Work Demands and Alcohol Consumption: The Job Group’s Role
The current study aimed to determine whether workgroup identification and alcohol consumption social norms of workgroup moderates the relationship between job demands and alcohol consumption in workers.
Method and results
Regression analysis using the moderated moderation macro in a sample of workers from a telecommunications company in Chile (N = 1,143) supports the hypothesis of moderated moderation: high workgroup identification with with unfavorable social norms of alcohol consumption by the group buffered the relationship between job demands and alcohol consumption of workers (B = -0.080; t = -2.01; p = 0.04; 95%CI: -0.1600; -0.0024), and the high workgroup identification with favorable social norms of alcohol consumption by the group increases the relationship between job demands and alcohol consumption of workers (B = 0.170; t = 2.36; p = 0.01; 95%CI: 0.030; 0.322).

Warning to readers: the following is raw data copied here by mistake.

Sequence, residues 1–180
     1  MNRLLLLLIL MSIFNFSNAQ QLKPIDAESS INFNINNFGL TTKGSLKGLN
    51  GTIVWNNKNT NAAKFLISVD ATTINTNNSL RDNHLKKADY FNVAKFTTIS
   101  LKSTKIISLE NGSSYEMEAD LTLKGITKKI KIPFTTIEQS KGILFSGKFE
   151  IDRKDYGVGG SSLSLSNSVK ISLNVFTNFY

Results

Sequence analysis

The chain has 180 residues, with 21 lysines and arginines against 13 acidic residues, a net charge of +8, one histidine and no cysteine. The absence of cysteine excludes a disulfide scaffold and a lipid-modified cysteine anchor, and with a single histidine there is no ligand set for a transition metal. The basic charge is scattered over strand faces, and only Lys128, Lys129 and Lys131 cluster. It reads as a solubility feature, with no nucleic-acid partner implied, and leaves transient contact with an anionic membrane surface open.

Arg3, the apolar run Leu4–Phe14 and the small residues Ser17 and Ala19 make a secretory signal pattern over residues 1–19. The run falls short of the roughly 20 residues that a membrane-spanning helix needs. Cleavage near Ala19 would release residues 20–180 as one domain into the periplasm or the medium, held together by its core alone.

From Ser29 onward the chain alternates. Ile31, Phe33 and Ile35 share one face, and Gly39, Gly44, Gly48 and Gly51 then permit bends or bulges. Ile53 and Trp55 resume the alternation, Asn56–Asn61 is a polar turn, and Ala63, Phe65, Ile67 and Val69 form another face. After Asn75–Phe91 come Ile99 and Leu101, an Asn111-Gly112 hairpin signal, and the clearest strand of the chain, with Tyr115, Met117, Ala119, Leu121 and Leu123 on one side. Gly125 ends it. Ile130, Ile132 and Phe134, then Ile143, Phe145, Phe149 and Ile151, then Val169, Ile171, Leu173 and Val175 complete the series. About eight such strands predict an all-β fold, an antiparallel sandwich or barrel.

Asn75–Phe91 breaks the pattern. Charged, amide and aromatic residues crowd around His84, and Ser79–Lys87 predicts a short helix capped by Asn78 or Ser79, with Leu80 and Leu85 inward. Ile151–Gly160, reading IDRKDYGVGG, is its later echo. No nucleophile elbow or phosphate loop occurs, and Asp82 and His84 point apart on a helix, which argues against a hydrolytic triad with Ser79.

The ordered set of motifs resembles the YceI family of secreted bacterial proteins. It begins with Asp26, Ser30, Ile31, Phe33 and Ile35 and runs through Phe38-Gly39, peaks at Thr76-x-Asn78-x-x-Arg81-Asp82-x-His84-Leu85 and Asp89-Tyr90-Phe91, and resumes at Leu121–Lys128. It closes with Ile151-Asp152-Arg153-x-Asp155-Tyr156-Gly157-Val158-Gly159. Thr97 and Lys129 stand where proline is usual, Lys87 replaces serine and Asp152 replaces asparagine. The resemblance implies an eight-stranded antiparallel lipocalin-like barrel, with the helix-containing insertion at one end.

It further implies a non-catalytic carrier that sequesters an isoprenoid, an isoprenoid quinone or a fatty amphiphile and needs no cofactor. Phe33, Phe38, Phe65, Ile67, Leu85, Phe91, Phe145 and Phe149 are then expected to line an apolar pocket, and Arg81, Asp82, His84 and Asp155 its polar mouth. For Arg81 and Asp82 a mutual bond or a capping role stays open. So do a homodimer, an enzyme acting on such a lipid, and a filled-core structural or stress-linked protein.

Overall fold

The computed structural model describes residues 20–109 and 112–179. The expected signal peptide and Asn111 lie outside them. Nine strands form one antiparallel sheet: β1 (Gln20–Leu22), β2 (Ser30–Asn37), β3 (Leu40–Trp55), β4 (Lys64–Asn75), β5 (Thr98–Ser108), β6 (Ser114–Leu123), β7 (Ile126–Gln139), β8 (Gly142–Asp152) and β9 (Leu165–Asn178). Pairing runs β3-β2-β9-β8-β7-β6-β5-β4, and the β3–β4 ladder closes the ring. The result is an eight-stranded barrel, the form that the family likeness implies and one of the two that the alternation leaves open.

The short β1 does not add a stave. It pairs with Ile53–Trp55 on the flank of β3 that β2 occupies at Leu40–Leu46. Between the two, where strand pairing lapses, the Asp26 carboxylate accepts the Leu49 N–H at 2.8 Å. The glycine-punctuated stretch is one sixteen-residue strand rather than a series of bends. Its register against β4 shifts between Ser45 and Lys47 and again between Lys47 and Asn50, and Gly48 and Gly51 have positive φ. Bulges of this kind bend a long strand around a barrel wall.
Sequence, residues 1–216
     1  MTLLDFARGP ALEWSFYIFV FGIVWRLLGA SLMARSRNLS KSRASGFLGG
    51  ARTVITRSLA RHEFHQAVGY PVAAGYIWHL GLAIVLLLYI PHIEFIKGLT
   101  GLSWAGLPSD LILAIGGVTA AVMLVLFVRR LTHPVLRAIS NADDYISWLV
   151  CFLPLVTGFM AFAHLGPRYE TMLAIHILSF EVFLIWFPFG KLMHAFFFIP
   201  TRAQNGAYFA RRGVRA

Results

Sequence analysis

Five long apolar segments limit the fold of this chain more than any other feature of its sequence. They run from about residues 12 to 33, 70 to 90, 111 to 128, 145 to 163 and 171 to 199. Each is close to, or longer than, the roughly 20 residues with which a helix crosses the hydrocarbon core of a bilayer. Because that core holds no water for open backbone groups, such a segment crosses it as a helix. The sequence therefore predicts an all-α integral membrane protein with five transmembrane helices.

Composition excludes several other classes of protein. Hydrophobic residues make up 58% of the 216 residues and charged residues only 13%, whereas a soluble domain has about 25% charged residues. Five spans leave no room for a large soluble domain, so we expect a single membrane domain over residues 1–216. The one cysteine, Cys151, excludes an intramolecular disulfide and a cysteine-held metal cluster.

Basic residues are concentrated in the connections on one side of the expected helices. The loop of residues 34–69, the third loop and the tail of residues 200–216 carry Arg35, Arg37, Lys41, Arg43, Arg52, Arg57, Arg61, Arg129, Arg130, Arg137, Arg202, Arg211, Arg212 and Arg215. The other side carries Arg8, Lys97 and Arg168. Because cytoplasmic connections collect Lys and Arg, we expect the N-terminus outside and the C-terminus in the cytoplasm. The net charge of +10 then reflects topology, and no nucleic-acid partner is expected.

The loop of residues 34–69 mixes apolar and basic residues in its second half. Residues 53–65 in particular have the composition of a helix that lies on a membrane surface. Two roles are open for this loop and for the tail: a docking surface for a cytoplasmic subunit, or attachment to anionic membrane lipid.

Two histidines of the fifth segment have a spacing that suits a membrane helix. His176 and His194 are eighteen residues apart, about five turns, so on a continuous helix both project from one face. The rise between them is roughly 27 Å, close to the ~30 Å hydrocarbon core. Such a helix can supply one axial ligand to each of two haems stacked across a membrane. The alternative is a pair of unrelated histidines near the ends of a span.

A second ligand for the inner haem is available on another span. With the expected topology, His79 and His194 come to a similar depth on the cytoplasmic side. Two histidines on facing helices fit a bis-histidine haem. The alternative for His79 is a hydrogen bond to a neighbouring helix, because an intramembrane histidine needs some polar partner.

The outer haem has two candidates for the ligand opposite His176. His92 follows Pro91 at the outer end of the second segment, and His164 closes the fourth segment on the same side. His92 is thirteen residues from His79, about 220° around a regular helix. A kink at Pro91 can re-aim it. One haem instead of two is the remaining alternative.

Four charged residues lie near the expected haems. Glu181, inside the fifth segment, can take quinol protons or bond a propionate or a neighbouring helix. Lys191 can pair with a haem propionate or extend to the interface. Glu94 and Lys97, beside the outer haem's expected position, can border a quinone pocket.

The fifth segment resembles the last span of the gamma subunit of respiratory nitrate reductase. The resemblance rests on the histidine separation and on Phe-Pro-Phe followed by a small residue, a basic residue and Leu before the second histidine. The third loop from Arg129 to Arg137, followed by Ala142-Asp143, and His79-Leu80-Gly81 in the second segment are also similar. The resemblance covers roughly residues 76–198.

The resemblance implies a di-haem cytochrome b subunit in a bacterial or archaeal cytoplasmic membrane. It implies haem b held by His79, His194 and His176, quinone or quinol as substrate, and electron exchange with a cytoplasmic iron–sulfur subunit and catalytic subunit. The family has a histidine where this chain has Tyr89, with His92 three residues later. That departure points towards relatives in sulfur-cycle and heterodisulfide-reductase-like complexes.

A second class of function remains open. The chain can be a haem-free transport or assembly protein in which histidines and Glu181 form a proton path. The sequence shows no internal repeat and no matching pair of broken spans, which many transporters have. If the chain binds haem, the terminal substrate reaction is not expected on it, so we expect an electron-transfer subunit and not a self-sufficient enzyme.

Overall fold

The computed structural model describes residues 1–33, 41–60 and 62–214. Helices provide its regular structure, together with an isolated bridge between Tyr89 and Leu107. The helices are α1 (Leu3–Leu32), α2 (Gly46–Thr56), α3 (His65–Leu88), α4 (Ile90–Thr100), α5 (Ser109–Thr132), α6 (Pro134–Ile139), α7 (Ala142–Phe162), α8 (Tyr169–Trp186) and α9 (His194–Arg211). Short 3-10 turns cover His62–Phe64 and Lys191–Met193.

The results suggest that strong identification with workgroup and their social norms for alcohol consumption are job resources that can jointly affect or protect workers exposed to heavy work demands. Attention should thus be focused on the potential positive versus harmful effects of these work resources.